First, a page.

A time bomb for Zimbabwe: Mugabe government blamed as drug shortages hit hospitals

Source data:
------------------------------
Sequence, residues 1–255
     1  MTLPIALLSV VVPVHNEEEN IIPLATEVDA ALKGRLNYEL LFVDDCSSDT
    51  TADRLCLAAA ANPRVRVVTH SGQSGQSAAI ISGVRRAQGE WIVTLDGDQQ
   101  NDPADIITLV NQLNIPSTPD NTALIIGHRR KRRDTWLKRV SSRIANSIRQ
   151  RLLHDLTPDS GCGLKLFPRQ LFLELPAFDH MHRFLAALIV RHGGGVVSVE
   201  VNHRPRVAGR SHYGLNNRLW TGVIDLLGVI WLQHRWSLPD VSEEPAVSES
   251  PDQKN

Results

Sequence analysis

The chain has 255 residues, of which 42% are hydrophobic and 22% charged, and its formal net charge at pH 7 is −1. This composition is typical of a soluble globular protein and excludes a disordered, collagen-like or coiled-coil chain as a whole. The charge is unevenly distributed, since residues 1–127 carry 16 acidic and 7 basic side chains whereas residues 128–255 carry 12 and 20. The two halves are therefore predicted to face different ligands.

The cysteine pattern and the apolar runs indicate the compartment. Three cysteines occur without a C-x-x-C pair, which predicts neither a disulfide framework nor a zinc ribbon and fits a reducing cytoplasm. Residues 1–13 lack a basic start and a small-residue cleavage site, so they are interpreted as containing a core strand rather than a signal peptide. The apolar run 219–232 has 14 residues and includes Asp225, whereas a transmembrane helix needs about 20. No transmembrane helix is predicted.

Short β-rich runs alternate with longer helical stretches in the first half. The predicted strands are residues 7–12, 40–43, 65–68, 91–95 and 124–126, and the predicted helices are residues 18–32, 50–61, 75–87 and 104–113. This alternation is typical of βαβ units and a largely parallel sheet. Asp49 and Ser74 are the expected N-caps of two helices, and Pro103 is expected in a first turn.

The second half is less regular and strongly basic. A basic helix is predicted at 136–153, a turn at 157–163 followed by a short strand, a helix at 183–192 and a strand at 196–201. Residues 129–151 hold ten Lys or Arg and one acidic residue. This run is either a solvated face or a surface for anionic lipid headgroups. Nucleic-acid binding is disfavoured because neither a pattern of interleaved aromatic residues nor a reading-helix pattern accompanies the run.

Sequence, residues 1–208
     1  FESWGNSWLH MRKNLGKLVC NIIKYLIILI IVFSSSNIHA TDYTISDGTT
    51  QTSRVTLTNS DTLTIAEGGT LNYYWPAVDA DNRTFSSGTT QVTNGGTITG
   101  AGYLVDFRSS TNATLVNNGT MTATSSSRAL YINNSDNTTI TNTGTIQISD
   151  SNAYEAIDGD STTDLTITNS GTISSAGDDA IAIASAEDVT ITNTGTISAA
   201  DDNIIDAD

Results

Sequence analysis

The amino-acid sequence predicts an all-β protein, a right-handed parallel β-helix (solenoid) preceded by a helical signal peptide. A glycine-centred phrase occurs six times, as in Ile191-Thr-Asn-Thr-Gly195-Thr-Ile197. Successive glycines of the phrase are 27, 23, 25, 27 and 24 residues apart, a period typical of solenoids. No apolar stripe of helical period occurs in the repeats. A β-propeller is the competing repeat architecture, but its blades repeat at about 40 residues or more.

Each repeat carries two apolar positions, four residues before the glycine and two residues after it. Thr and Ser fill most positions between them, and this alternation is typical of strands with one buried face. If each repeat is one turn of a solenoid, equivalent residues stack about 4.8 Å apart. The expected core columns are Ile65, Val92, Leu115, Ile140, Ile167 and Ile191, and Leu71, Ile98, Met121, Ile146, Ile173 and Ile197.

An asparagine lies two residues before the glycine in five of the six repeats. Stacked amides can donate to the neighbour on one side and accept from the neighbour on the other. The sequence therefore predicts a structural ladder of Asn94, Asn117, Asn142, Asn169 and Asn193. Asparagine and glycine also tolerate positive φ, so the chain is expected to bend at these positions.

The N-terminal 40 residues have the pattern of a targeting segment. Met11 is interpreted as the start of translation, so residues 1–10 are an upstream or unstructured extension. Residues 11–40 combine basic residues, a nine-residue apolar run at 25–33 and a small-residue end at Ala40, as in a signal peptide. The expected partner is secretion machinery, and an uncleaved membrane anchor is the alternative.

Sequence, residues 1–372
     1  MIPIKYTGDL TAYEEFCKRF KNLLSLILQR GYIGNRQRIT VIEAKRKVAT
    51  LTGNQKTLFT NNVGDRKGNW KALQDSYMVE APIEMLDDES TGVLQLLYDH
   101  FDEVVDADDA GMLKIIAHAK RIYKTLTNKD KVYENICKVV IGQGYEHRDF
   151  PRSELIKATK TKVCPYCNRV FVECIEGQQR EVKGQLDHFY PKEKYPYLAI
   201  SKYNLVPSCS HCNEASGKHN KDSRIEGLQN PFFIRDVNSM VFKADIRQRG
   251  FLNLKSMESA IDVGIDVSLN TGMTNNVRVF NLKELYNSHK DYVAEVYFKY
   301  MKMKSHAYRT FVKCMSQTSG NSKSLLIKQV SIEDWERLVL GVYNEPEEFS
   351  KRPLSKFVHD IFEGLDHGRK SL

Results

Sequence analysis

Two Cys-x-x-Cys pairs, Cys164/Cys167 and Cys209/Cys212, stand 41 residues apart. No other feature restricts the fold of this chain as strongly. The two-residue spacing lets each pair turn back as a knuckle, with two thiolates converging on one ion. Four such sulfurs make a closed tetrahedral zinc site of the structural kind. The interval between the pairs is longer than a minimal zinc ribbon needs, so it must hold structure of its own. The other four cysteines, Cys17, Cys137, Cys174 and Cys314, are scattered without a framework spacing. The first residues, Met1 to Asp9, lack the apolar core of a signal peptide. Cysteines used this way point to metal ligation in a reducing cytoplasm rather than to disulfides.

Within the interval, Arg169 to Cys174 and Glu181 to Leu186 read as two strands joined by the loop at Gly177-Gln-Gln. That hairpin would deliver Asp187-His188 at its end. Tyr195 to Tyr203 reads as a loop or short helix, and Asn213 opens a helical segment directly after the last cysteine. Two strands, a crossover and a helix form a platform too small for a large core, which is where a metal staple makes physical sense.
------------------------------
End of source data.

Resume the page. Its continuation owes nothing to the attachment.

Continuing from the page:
The country’s health delivery system is under severe strain with major government hospitals facing a critical shortage of drugs.blood donors In Bulawayo, the situation is dire as Mpilo Central Hospital has below 50 percent of its requirements, a situation that is affecting the health delivery system in the city. Most patients have to buy their own medicine which most of them cannot afford. Mpilo Hospital Acting CEO, Mr Leonard Mabandi, confirmed that they are able to deal with the diagnoses part of treatment but the hospital is however unable to treat patients due to the unavailability of drugs. The National Pharmaceutical Company (NatPharm) is unable to supply the hospitals with their requirements, according to Mr Mabandi. United Bulawayo Hospitals (UBH), Harare Central and Parirenyatwa hospitals are also experiencing a critical shortage of essential medicine. Efforts to speak to UBH CEO, Mrs Nonhlanhla Ndlovu were fruitless as she was said to be attending interviews, but the ZBC News is reliably informed that there is also a critical shortage of essential drugs some of them as basic as simple pain killers.   Meanwhile, Zimbabweans have raised concern over the shortage of drugs and other medical sundries, saying the problem is seriously affecting the disadvantaged members of the community who do not have money to purchase drugs. Some hospital patients from Parirenyatwa and Harare Central hospitals said they are registering their concern to hospital authorities and are pressuring government to intervene. Some said they have been asked to purchase drugs as simple as paracetamol but due to their financial circumstances, they are failing to purchase the simple drugs. Others with relatives who are admitted in some of the public hospitals said they are concerned because they are failing to access medical drugs. A visit by the ZBC News to some of the public referral hospitals revealed that after examining a patient public hospital doctors write down a prescription for drugs for the patients, unlike before when the doctor would just indicate on patient’s card the drugs which nurses would request from the pharmacy for the benefit of patients. Reports say the hospitals are failing to provide even simple things like cotton wool and patients are being asked to purchase to make their treatment easy. Some patients say drugs are an important component of treatment which requires government to prioritise in budget allocations. The government says it is committed to the provision of drugs to the ordinary Zimbabwean with millions of dollars of tenders being floated for the provision of drugs.